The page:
Steve September 27, 2005 5:28 PM

Now if they start naming them something like “author_is_a_useless_little_twirp_1”, “author_is_a_useless_little_twirp_2”, etc., instead of giving them sexy names like “mydoom”, that’ll be real progress.

Davi Ottenheimer September 27, 2005 8:08 PM

Good news! I thought the example in the article is worth noting:

“on Sunday, Symantec Corp. issued an alert for a Category 2 mass-mailing worm it named “W32.Lanieca.H@mm.”
However, Kaspersky Lab, another anti-virus company, named the same worm “Email-Worm.Win32.Tanatos.p,” McAfee Inc. called the threat “W32.Eyeveg.worm” and Trend Micro Inc. called it “WORM-WURMARK.P”

Hey, at least they all agreed that it should be called a worm.

@ Filias

Don’t know if you’ve tried this, but you might find it a more user-friendly way to avoid being (over)flashed:

Lindalee Stuckey September 27, 2005 9:09 PM

Does this mean that viruses will get names like hurricanes? One for each letter of the alphabet?

mark September 28, 2005 1:32 AM

This is great news but will only be of value if the AV vendors commit to it and also use the naming standard.

David September 28, 2005 8:03 AM

@ Filias

Click on the link in the top right that says “go directly to eweek”.

It’s a stupid flash intro “screen”.

[I love adblock, flashblock and firefox so I don’t have to see something I’ll never ever click on].

David September 28, 2005 8:18 AM


Who submits the malware to MITRE?

How is the malware desiminated to every other AV company in a timely basis (they need to respond within two hours, right?)?

How do they resolve the 24 hr time differences around the world?

How do they resolve when two or more competing companies are working on the analysis and definitions [before it’s submitted to or during the two hour window]?

How do they deal with flash worms (the last one only took 4 hours to fully propogate)?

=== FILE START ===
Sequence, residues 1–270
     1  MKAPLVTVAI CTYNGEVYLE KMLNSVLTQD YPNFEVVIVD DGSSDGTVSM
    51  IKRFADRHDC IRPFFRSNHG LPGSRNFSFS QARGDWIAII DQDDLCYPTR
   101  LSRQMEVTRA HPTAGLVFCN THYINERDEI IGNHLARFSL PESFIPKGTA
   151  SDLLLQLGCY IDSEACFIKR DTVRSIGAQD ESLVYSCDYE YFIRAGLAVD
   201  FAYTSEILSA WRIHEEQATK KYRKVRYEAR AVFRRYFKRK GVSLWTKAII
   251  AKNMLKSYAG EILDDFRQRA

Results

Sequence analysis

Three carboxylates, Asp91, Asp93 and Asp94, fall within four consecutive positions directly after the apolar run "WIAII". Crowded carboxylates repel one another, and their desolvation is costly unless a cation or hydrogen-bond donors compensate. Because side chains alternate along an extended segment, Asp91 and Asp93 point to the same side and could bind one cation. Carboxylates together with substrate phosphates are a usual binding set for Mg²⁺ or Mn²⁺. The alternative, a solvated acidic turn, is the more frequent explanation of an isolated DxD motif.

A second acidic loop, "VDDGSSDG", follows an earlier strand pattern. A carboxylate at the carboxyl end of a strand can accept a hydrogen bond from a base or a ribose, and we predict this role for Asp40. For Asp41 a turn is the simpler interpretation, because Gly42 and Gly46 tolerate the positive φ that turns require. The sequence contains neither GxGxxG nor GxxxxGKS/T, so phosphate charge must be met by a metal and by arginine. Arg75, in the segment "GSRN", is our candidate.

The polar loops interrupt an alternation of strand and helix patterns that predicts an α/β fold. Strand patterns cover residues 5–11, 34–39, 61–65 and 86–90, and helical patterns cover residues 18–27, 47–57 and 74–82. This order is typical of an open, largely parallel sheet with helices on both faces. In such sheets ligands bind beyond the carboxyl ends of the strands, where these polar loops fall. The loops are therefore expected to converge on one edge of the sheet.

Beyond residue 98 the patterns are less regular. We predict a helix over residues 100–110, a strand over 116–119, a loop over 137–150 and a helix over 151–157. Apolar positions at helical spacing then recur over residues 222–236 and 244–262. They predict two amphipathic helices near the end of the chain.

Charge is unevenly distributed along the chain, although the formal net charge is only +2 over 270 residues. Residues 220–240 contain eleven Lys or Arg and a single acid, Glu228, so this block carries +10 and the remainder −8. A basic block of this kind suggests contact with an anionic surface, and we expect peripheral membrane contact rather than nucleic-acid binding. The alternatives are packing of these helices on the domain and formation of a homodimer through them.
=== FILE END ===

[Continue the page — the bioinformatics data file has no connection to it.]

Sounds simple on paper, but it is quite complicated in real life. There really is no simple answer to this issue, and it probably will require re-releases by AV companies of virus/malware/worm names (something that’s not so easy).

David September 28, 2005 8:23 AM

Oh, I forgot my favorite question:

What happens when one of the AV companies decides it’s in their best interest to release new definitions before waiting for the two hour window to expire (they can claim to be first to have a fix for any given exploit and everyone else has to wait, and possibly use their competitors defacto name)?

Matthew X. Economou September 28, 2005 8:33 AM

Re: Flash adverts

Internet Explorer configured with non-stupid security zone settings also neatly sidesteps the adverts. I recommend setting the Internet zone to “High” (or nearly high, by customizing the High setting to allow normal things like downloads, META REFRESH, and cut-and-paste/drag-and-drop), the Local Intranet zone to “Medium Low”, the Trusted Sites zone to “Medium”, and the Restricted zone to “Medium” but customized to only allow signed ActiveX controls and to prompt before running a control or applet. These security settings combined with the pop-up blocker set to “High” or “Medium” and with the cookie handler set to block all cookies except session cookies makes for a tightly-controlled web browsing experience. Security Zones are probably the IE feature that’s kept me using it all these years. In Mozilla, it’s just too cumbersome to keep enabling/disabling Java and JavaScript every time I browse to a different trusted/untrusted web site.

The described IE configuration has the added advantage of counteracting most redirection exploits (such as those listed at, which usually depend on getting bootstrap code of some kind (e.g. JavaScript) to execute in the Internet zone prior to fooling the browser into executing their payload in the Local Intranet zone.

jammit September 28, 2005 10:52 AM

I have nothing to add except I’m happy for the unified naming system. Off topic: I use the Mozilla flashblock plugin. It simply replaces the flash with an icon, and when you click on it, it then loads in and runs the flash. You don’t have to wait for it to load in before you can click through.

No Nym September 28, 2005 11:41 AM

Uh, I thought making a list of bad things was one of the top 6 bad security ideas. Doesn’t this just reinforce that?

Bryan October 3, 2005 1:04 AM

I like this a lot. I hope it catches on.

@No Nym –

Well, yes and no. Yes AV software is about making lists of bad things to keep out rather than good things to permit.

But this is a good thing because it eliminates the confusion of one malware episode having 5 or more names. At least this way when we’re talking about a malware virus/worm/trojan/whatevr, we can all know we are talking about the same one!

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